Cramer Cries 'Foul'
When an analyst at Goldman Sachs downgraded the stock of semiconductor maker NXP Semiconductor (NXPI) , Cramer threw the red flag, calling the logic behind it ridiculous.
Cramer said the same analyst first downgraded the company from buy to hold in January, missing a 50% move higher in the stock. But now it appears he's digging in his heels, doubling down on his earlier mistake,
According to the analyst, NXP is in a low-margin, commodity business and the markets shouldn't value the company with a premium multiple. That would be true, Cramer argued, if NXP only sold commodity chips. In fact, that is only a small and declining portion of NXP's business.
The analyst also didn't like NXP's exposure to the fickle mobile device market or the company's stock-based compensation plan. Here again Cramer argued that mobile devices is only a small portion of NXP's business and its stock compensation is more than made up for by its huge stock buyback program.
With 50% gross margins and growing proprietary markets, Cramer said NXP is actually inexpensive, and the weakness created by these uninformed downgrades is certainly a buying opportunity.
In today's installment of his "Behind the Boom" series featuring America's oil and gas renaissance, Cramer spoke with Rick Shearer, CEO of Emerge Energy (EMES) , the fracking sand provider that has seen its stock soar 600% since its IPO in May 2013.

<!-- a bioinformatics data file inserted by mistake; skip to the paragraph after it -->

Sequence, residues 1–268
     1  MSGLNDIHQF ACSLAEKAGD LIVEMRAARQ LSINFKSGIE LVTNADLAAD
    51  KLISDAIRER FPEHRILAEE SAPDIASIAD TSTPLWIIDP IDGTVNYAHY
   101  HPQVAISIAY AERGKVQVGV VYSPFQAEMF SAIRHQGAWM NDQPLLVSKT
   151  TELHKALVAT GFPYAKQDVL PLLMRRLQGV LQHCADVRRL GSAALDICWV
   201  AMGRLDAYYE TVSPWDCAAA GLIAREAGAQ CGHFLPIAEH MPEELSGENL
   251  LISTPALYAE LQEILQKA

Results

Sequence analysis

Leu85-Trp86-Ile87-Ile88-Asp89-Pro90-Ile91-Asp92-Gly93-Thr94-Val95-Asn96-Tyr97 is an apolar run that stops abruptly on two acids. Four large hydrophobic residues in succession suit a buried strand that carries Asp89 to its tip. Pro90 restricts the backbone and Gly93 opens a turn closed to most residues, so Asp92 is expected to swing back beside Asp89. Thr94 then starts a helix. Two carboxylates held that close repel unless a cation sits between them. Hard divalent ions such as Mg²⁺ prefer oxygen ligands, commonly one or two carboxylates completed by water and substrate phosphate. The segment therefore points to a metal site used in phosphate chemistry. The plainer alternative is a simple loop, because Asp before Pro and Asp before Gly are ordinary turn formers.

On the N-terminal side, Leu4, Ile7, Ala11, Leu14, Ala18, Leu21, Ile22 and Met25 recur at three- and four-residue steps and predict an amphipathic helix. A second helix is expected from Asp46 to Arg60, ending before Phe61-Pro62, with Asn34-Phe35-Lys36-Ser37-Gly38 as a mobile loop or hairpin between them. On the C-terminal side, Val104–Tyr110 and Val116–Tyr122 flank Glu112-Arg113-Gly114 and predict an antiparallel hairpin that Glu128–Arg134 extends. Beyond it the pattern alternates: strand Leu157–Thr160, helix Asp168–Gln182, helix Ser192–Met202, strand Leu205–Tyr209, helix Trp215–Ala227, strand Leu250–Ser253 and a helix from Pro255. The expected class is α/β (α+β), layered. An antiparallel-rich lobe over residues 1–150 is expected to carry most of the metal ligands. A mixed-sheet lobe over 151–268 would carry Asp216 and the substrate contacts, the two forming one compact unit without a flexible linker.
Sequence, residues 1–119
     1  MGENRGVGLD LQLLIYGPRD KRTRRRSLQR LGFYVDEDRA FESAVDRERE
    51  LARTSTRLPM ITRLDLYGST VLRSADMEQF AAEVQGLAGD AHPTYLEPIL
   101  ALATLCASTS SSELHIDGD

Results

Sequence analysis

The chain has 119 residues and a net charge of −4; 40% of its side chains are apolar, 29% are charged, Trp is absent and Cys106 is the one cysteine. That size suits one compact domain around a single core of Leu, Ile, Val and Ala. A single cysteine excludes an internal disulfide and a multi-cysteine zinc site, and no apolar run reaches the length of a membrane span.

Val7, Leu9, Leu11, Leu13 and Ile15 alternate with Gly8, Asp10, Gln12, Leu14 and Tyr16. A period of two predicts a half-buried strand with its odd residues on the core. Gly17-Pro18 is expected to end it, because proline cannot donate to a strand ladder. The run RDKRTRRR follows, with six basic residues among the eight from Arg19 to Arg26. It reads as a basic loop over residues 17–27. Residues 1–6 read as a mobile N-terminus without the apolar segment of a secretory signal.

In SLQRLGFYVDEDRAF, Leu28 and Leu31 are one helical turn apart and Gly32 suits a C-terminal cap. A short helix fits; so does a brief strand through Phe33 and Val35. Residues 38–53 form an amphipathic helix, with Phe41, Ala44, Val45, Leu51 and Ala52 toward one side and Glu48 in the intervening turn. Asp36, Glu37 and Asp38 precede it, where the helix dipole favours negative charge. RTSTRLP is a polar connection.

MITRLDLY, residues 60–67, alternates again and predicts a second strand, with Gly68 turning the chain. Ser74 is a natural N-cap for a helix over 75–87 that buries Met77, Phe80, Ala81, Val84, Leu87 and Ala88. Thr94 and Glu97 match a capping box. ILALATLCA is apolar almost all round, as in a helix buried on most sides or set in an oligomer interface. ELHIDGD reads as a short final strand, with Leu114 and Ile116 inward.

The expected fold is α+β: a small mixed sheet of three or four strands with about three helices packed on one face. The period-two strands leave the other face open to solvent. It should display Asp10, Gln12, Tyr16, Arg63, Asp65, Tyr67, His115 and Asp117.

Shearer explained that the type of natural sand that Energe provides is the perfect material for 90% of the hydraulic fracture wells out there today. He said while ceramic materials are better in some cases, they cost $700 to $800 a ton as compared to just $60 to $65 a ton for sand.
Shearer continued that Emerge is already doubling its capacity, bringing another five million tons online this year, making it the leading provider in the industry. The company is not stopping there, however, and already has another mine and plant in development.
Emerge's biggest problem, though, is a lack of rail cars to ship the product, Shearer explained. He said while the company uses 4,600 rail cars today, nearly 8,000 will be needed to support the new mines being built.
Cramer said Emerge has seen remarkable growth and he continues to like the company.